Indigo plants (Indigofera suffruticosa) grow abundantly in the fertile black sandy soil on the ancestral land of the Skaru’:re People on the Coastal Plains of the Carolinas. The plant grows as a shrub with spreading branches between three and six feet tall. The leaves are slightly hairy and are separated into leaves opposite each other. The indigo dye comes from the leaves. The plants can also be grown as a cover for crops and as a fertilizer. The plants produce pea-like flowers in small clusters. A pea-like pod fruit is also produced from the plant. Indigofera suffruticosa is native to the southern United States.
A Spiritual Journey Shared With Ancestors
Indigo is a medicine for indigenous people living on the coast and coastal plains of the Carolinas. The process of indigo dyeing has historically been and will continue to be taken away from us to glorify others. However, remember that for us the healing medicine is in the flower that the leaves produce in a dye vat. Traditionally, our people used every part of the indigo plant, just like the hemp plant. Indigenous and kidnapped West African people with ancient traditions of indigo should keep the medicine of indigo as scared. What others take let them take, because the medicine in NOT in the beauty of the dyed cloth — it’s in the images the indigo reveals on the cloth.
The ability to create cloth with images from resist binding in indigo is unique to people of color connected with the Carolinas. It’s born out of our 1300+ years of connection with indigo. That historical connection cannot be taken, stolen or reproduced by others. That’s our gift from the Creator through our land to us, so that we will always know who we are as a people.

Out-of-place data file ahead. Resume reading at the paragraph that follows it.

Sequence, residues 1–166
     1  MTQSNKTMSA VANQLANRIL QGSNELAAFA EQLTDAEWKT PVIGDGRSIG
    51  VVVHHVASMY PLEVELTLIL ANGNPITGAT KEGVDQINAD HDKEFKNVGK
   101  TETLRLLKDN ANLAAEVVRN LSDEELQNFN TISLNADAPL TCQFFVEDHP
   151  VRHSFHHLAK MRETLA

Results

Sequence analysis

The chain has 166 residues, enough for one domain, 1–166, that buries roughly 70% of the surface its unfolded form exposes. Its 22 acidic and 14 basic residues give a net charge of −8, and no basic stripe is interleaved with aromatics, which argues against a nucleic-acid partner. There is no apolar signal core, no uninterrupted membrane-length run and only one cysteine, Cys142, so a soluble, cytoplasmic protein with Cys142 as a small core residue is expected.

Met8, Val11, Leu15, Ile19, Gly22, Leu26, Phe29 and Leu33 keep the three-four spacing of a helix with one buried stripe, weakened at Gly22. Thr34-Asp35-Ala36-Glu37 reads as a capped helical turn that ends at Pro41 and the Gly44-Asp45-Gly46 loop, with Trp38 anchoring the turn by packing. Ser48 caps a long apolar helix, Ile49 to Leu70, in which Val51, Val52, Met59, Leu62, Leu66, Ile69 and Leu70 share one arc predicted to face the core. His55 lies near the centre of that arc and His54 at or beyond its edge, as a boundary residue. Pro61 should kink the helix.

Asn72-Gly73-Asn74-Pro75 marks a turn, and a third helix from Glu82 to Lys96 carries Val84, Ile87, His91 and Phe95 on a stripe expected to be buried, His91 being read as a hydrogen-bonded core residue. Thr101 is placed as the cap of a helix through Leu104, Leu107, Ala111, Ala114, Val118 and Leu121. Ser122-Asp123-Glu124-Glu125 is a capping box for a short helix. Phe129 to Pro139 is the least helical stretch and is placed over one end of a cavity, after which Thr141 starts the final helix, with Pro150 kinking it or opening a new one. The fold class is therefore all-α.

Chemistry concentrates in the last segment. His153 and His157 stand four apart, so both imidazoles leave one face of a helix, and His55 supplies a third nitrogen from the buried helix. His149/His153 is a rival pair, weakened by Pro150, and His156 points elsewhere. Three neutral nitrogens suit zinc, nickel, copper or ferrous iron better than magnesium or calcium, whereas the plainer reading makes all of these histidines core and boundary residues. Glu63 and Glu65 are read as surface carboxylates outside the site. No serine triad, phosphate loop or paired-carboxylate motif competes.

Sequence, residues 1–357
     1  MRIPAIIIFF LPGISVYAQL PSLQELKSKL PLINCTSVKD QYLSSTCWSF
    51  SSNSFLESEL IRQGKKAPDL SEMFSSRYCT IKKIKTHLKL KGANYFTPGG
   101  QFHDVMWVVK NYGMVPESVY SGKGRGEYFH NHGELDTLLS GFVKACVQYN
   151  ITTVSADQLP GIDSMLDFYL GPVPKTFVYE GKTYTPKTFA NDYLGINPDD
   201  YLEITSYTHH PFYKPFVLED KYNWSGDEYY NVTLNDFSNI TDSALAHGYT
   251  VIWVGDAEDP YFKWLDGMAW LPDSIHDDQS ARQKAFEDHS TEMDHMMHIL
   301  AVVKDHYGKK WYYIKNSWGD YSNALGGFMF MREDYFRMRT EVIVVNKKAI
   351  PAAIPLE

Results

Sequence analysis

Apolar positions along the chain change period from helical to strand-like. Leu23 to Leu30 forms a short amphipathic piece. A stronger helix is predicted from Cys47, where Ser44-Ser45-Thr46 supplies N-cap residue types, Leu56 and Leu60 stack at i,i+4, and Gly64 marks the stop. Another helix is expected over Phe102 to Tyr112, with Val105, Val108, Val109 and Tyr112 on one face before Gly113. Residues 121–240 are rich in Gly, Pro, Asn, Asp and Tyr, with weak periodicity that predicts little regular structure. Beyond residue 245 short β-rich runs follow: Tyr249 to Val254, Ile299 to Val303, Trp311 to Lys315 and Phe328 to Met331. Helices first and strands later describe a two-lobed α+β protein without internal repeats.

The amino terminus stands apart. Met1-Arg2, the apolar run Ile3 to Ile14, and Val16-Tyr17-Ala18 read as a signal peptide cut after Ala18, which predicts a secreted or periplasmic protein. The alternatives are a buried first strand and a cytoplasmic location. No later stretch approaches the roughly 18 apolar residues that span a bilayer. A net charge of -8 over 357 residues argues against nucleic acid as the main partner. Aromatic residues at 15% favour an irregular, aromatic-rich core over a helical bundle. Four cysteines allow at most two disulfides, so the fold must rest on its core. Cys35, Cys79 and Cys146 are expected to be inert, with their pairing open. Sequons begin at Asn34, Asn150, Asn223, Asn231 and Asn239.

Natural Indigo takes a considerable amount of effort to get leaves to yield color. The leaves have to be grown and harvested. Color can be extracted from both fresh and dried leaves. I prefer to use dried leaves because less leaves are needed. It takes more fresh leaves to yield color than dried. As I harvest fresh leaves, I bundle and dry them in a shed. After the bundles have dried, I strip the leaves off the steams, collect the seeds and save the bear stems to use as fertilizer.
I learned traditional indigo dyeing from two great-grandmothers, Hattie Woodard Harris (Tuscarora) and Mary Burnette (Edisto Gullah) more than 50 years ago. Indigo Day was a big event in both Wilson County, North Carolina and Georgetown, South Carolina. It was always the official start to the Harvest Festival. Preparations would be made weeks in advance and cooking for the Indigo Feast took days. In recent years I studied surface design including Shibori in the Textiles Department at East Carolina University with Christine Zoller and natural dyeing with visiting artist, Rebecca Cross. In 2017 I completed a natural dye studio course at the Penland School of Crafts with Charllotte and Sophena Kwon of Maiwa.